*my girls never fail to let me down. The foreign students were called ELS, English Language Students. 
Photo: Brad Kayal

Monday, July 1, 2013

Holiday Holiday

Al Roker and Jim Cantore would have fought each other to cover the storm that descended upon Muffinville on June 22, 2013. The weather originally called for clear skies, but a fast approaching front turned the calm day into the prelude for the world's worst storm. The skies darkened and appeared to create an early summer squall...nothing more than a passing thunderstorm. I was confident that the storm would end just as quickly as it developed, but I was sorely mistaken.  The storm seemed to last for days. Each morning, I headed for shelter, but the winds continued to pick up.  The rain, already dumping record amounts, showed no signs of letting up. The basement flooded as water continued to rise from a little hole in the Earth. I maintained a 'glass half full' mentality while the wicked wind beat my body. Nearly thrown face down into a puddle I held on to a sapling, practically folded in half, trying to sustain its upright position after days of being thrashed westwardly. The rain eventually stopped, the winds died and the water receded. Today, cloudy skies over head.  A few cold drops of rain fell from above, cutting through the thickness in the air, to rest on my warm skin. I watched a sand crab meticulously dig his hole, close to the shore line.  He moved with such precision, stopping every now and again as if to tease me with his next move.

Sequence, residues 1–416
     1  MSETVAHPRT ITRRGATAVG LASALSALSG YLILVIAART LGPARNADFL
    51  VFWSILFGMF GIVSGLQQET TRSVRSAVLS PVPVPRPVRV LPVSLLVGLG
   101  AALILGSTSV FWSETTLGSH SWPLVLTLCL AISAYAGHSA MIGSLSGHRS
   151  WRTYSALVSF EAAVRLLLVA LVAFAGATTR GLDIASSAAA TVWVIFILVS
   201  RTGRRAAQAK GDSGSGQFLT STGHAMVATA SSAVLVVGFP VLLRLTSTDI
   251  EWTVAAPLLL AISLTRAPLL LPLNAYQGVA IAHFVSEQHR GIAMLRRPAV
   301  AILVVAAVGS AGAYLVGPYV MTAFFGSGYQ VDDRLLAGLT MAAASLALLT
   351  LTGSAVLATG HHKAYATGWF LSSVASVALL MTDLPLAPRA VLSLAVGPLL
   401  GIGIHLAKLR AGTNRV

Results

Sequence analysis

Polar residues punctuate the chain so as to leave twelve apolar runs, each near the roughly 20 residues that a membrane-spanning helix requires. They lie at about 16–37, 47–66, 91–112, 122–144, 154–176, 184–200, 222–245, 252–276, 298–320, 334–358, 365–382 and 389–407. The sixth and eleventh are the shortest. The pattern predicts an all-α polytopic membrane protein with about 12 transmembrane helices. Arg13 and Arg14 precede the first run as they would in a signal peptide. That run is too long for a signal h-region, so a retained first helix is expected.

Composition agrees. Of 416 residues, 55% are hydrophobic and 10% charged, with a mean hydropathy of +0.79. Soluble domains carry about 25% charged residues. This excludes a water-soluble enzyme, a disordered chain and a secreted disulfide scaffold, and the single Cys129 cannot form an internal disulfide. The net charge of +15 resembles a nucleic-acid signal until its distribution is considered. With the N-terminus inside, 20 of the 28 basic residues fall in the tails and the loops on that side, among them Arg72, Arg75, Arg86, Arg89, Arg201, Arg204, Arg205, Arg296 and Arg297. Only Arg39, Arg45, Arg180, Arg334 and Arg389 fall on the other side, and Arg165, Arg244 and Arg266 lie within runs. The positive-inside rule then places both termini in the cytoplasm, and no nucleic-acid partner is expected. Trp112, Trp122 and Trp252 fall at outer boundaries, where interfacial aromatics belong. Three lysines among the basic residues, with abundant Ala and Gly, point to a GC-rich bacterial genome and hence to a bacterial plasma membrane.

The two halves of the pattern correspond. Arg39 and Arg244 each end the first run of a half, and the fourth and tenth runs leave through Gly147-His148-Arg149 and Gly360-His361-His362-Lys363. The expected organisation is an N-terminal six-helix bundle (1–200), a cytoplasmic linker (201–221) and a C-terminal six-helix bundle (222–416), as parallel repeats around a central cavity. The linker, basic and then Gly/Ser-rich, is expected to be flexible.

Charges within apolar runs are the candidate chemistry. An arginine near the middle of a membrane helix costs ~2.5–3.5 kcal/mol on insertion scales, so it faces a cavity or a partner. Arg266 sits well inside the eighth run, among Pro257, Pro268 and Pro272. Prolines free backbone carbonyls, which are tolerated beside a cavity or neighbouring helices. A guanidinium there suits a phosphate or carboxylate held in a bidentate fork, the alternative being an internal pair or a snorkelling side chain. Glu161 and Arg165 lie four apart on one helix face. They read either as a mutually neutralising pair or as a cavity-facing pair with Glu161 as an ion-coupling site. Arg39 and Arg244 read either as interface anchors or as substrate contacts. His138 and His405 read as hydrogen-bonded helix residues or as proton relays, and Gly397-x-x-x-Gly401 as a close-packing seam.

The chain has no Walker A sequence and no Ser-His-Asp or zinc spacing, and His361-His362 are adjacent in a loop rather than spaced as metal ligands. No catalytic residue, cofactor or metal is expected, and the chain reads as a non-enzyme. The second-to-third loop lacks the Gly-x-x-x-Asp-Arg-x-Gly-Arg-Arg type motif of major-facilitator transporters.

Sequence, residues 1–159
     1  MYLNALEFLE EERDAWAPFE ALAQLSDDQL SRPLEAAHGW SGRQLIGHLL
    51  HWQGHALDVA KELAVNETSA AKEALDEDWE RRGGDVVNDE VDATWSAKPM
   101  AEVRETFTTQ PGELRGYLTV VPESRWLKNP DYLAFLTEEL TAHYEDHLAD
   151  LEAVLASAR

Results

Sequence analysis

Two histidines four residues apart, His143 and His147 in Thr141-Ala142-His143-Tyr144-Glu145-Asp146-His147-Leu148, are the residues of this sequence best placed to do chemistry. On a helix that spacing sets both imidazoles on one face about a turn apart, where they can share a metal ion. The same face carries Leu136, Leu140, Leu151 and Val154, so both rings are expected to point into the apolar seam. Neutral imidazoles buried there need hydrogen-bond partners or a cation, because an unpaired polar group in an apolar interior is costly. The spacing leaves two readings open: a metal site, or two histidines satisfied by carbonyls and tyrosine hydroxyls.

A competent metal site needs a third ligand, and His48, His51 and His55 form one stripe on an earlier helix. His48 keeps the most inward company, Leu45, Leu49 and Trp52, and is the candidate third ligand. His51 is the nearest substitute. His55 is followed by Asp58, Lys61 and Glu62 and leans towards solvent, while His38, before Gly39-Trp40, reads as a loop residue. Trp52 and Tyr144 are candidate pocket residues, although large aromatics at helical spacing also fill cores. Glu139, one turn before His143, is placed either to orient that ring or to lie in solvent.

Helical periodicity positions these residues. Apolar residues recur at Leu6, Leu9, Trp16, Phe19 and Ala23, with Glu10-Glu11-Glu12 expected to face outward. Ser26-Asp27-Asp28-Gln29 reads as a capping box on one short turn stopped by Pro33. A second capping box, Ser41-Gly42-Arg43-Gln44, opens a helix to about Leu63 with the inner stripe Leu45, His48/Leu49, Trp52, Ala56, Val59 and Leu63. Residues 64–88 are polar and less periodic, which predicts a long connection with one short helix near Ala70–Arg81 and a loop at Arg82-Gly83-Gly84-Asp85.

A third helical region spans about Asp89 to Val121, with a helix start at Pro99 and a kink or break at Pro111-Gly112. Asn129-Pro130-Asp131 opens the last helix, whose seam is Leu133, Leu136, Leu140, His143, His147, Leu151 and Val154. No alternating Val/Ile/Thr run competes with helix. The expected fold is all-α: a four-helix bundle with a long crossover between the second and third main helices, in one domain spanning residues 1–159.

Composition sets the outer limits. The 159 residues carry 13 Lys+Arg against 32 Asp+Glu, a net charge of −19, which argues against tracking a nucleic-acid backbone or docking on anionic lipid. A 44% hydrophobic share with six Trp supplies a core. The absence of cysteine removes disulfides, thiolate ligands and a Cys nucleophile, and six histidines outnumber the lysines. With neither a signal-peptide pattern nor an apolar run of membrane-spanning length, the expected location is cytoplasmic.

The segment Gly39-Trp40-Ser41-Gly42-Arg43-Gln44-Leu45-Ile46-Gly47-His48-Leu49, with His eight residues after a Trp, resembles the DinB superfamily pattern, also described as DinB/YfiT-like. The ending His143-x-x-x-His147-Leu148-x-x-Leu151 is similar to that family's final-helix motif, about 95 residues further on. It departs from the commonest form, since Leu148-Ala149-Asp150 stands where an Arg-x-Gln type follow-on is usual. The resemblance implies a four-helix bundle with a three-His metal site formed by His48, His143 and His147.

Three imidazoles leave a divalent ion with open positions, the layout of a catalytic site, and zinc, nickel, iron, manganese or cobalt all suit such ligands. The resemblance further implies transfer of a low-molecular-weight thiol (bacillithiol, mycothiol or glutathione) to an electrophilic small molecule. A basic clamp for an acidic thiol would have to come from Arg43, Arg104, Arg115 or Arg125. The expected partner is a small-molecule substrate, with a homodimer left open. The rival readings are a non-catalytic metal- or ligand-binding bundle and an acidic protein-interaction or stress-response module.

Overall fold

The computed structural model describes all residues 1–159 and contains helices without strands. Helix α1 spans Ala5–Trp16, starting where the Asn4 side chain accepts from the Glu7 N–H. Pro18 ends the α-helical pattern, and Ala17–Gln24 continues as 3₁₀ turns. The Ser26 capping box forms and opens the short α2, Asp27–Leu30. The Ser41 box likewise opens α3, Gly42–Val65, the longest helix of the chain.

I haven't paid any mind to the weather, my flooded basement or the damaged trees. Suddenly, they don't matter anymore.